But Labor has so far taken no stand on the efficiency dividend, recurrent spending, the hugely unpopular Powerhouse move or the controversially-located Sydney Modern.
The vision of the Gorton and Whitlam years is nowhere to be seen.
Members out of the loop
Governments don’t much like independent voices in the cultural sector, and increasingly, sad to say, the institutions themselves seem to be following suit. The Art Gallery Society, the AGNSW’s membership body, was founded in 1953 as an independent body supporting the Gallery, and has had an unrivalled run of success in that capacity. Its Annual General Meeting was held last week, on 21 March.
The previous year’s AGM had heard that a new Memorandum of Understanding (MoU) had been signed with the Gallery, but members couldn’t be told what was in it – so we’re at a loss to know what the organisation’s function now is. Recently President Brian Ladd, formerly head of the Gallery’s Public Programs department, and executive director Ron Ramsey, signed a submission regarding the Sydney Modern Development Application (DA), fully supporting the project.
This year, for the first time in decades, the Annual Report was not circulated to members in advance of the AGM and was put on the Gallery’s website, without notification to members, only the day before the meeting. Until a few years ago the Society came under ASIC rules and had to circulate the report 21 days in advance. That tradition that was continued, in the interests of transparency, even after many regulatory functions were taken over by the Australian Charities and Not-for-profits Commission (ACNC), which does not have a similar requirement.
Following the President’s report to the AGM, members who asked why the report had not been circulated were told that the Society’s Council had taken legal advice that it was not required to do so. Well, it may be legal, but is it the best way to run a members’ organisation?
Meanwhile the mania for secrecy has been extended to the Gallery’s wonderfully loyal army of volunteers. Many were shocked when, in the past year, they were obliged to sign a confidentiality agreement, similar to that in force for staff, banning discussion of Gallery business with outside parties.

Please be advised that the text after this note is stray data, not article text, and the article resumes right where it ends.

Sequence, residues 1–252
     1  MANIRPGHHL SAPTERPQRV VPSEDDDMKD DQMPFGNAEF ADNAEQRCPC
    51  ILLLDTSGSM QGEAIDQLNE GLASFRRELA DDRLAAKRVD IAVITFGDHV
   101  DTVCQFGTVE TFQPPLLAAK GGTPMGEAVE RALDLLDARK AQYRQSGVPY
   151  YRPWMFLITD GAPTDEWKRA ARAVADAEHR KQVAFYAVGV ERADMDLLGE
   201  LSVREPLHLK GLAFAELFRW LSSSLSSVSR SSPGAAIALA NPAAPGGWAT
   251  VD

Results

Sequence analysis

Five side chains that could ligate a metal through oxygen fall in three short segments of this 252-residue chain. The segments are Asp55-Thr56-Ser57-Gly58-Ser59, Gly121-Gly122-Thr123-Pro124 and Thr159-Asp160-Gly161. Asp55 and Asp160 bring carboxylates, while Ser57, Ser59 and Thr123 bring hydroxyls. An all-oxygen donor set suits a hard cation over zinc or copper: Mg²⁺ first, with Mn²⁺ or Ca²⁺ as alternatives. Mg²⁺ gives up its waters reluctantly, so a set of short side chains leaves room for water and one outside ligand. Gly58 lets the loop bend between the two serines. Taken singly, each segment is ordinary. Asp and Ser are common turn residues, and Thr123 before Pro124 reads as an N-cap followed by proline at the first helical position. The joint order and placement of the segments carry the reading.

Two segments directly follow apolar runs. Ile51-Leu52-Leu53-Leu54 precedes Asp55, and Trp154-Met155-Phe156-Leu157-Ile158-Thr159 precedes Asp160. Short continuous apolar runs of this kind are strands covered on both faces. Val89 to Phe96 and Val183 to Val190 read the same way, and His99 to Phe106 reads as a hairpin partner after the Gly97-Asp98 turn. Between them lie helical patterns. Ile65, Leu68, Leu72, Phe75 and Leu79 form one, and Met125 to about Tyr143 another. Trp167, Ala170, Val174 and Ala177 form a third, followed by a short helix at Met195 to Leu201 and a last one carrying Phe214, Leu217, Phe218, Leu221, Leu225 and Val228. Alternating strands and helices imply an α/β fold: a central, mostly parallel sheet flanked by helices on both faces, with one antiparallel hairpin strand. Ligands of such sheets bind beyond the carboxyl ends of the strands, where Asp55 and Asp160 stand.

In recent months the Society has also disbanded the Task Force Fellows, a group for veteran volunteers no longer able to continue in their duties. Some have given their voluntary labour for decades. Their few ongoing benefits consisted of an occasional tour of a major exhibition and a modest annual Christmas gathering, which Edmund Capon, when Director, would happily attend. Before this past Christmas the Fellows received a letter, signed by executive director Ron Ramsey and volunteer coordinator Sue Dadswell, telling them that the group would no longer exist. The letter added: “Recent re-structuring in the Art Gallery Society means that staff can no longer offer the assistance as in the past,” and wishing them “all the best for the future”.
As one of the disillusioned Fellows put it to me, there is “a very different social atmosphere in the Gallery currently”.
NGV and GoMA in world’s Top 20
The Art Newspaper, the authoritative London-based guide to the art world, has just published its latest museum rankings for the past year, calculated on daily rather than total attendances. Up there in the Top 20 of the world’s most popular art exhibitions are the National Gallery of Victoria, at No.10 with Van Gogh and the Seasons (6,082 visitors daily, 462,262 in all); and at No.20, GoMA in Brisbane with the free exhibition Sugar Spin: You, Me, Art and Everything (4,729 daily, and a staggering 628,924 in total).
Visitor figures aren’t the only measure of success, but still, congratulations to Victoria and Queensland.
AGNSW didn’t make the Top 20.